Since there is no unique solution for a particular RF applications, some guidelines are needed. This article looks at some such guidelines.
An antenna transmits and receives electromagnetic (EM) radiation in free space. The wireless range of an antenna depends greatly on its design, enclosure and a good PCB layout. This article covers some of the best practices for antenna design for radio frequency (RF) applications, to get the widest range possible with a given amount of power.
Other general design considerations include antenna length and feed, shape and size of ground plane, and return path. Selection of an antenna depends on application, available board size, RF range, directivity and cost. For example, a Bluetooth mouse works in 30cm range and requires a data rate of only a few kbps, while a voice-controlled device requires 60cm range and a data rate of 64kbps.
Chip antennae are a good solution for applications where PCB size is extremely small. However, these increase the bill of material (BOM) and assembly expenses. These are sensitive to RF ground size, and require an additional matching network for antenna tuning, as the same cannot be achieved by changing antenna length. This further increases BOM cost.
Effects of enclosure and ground plane
An antenna operating frequency is inversely proportional to inductance (L) or capacitance (C). These parameters are sensitive to PCB RF ground size and the product’s plastic casing. A large RF ground plane and plastic casing increase effective capacitance. Plastic has a higher dielectric constant than air, so proximity of plastic to the antenna results in a higher effective dielectric constant. This also increases the electrical length of antenna trace, reducing the resonant frequency of the antenna.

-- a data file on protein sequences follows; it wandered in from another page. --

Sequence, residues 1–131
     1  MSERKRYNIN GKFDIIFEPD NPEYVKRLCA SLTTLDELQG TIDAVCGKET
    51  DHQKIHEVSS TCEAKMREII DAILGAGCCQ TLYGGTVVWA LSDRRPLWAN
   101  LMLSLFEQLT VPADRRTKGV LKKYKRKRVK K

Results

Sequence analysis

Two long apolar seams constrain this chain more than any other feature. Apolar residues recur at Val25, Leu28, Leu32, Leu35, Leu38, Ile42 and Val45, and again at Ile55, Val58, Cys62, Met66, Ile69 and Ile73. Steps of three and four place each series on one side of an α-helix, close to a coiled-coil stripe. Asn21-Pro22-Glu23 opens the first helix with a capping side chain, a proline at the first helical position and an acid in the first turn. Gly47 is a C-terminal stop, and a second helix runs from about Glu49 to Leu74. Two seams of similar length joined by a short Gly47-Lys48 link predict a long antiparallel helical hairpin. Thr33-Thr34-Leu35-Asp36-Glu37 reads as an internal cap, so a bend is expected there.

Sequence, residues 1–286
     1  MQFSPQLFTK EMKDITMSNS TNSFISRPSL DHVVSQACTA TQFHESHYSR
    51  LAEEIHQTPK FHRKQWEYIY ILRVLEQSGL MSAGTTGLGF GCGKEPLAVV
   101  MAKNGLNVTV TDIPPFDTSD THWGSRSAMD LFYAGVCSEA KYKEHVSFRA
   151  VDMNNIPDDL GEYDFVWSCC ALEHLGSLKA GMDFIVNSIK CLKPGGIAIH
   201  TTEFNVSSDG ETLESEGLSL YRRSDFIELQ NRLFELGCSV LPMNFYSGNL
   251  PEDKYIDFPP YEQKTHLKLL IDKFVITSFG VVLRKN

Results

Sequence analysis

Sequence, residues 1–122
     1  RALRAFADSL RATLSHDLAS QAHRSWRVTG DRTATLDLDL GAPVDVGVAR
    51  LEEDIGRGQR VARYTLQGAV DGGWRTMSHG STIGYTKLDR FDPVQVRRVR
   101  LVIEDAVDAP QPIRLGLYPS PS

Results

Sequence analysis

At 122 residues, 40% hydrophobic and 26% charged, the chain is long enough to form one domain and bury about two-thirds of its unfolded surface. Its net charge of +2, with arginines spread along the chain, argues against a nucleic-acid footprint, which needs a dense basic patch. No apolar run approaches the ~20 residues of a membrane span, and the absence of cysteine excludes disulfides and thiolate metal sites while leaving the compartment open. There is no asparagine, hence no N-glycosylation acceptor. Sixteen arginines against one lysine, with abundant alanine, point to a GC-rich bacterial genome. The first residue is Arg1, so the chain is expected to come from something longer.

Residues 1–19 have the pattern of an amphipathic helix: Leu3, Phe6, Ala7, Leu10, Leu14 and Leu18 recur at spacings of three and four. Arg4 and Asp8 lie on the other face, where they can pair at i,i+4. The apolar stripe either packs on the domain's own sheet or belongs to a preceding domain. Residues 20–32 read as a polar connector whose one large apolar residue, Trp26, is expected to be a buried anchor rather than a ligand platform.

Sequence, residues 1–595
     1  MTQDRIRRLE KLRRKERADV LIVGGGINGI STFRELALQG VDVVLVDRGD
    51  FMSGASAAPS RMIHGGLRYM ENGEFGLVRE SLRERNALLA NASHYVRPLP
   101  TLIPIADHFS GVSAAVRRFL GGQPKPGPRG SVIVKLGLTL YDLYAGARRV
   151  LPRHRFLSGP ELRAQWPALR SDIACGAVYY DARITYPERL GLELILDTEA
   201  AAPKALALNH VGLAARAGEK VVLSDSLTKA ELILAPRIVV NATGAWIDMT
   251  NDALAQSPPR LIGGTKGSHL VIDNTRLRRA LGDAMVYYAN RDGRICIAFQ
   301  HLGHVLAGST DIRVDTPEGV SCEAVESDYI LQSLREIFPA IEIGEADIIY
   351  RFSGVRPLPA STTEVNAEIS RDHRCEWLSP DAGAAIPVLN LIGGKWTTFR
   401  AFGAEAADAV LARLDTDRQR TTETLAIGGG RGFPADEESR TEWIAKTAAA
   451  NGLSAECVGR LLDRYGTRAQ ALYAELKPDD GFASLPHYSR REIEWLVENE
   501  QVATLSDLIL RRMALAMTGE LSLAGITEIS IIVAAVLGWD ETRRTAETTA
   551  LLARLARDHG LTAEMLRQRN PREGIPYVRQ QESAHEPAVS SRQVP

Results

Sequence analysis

For a good PCB layout, the better the ground provided for a quarter-wave antenna, the better it correlates with theoretical behaviour. Return path of the RF signal is in the ground plane beneath RF trace. For good RF performance, return path should be uninterrupted and as wide as possible. If ground plane is interrupted, return currents find the next smallest path around the interruption. This forms a current loop, adding undesired inductance, affecting impedance match between the radio and antenna, consequently, attenuating RF signal significantly. If ground plane beneath the RF trace is narrow, it does not behave like a microstrip and may have more signal leakage.
To maximise radiation in the desired direction, orientation of the antenna should be in line with the final product’s orientation. It is important for an antenna to match the network, because a lot of parameters in the antenna’s proximity can vary its impedance. Also, it is important to verify the antenna matching network with the final plastic enclosure and the product placed in practical use.
Shriram Shinde, application engineer, CoreEL Technologies, says, “Parameters like frequency, power of operation, gain, voltage standing-wave ratio, front-to-back ratio, impedance, termination, beam width, efficiency of operation and polarisation status decide the geometry of an antenna for an RF application.”
Design criteria for space applications
During a design cycle, control of scattering is necessary so that the impact of spacecraft body and component on RF performance is negligible. High-power issues, such as multi-paction, passive intermodulation (PIM), electrostatic discharge (ESD) and so on, must also be considered during design.
In addition to RF design, structural design, thermal control and material qualification is also important for space applications. Feed return loss and port-to-port isolation should be optimised to maintain the above-desired specifications.
Dr Ramesh Chandra Gupta, scientist – antenna systems, Indian Space Research Organisation (ISRO), explains, “The key element of an antenna for space applications relies on its functionality and application. For high-power satellite communication, different types of reflector antennae are used. These are illuminated by the feed system.
“Design of an onboard antenna depends on many factors and constraints. Maximum diameter of the antenna is constrained by size of fairing of the launch vehicle. Configuration and optics of the antenna and shape of its surface to achieve specified edge of coverage (EoC) gain over coverage area. Optimising cross-polarisation discrimination (XPD) and suppressing power helps avoid interference.”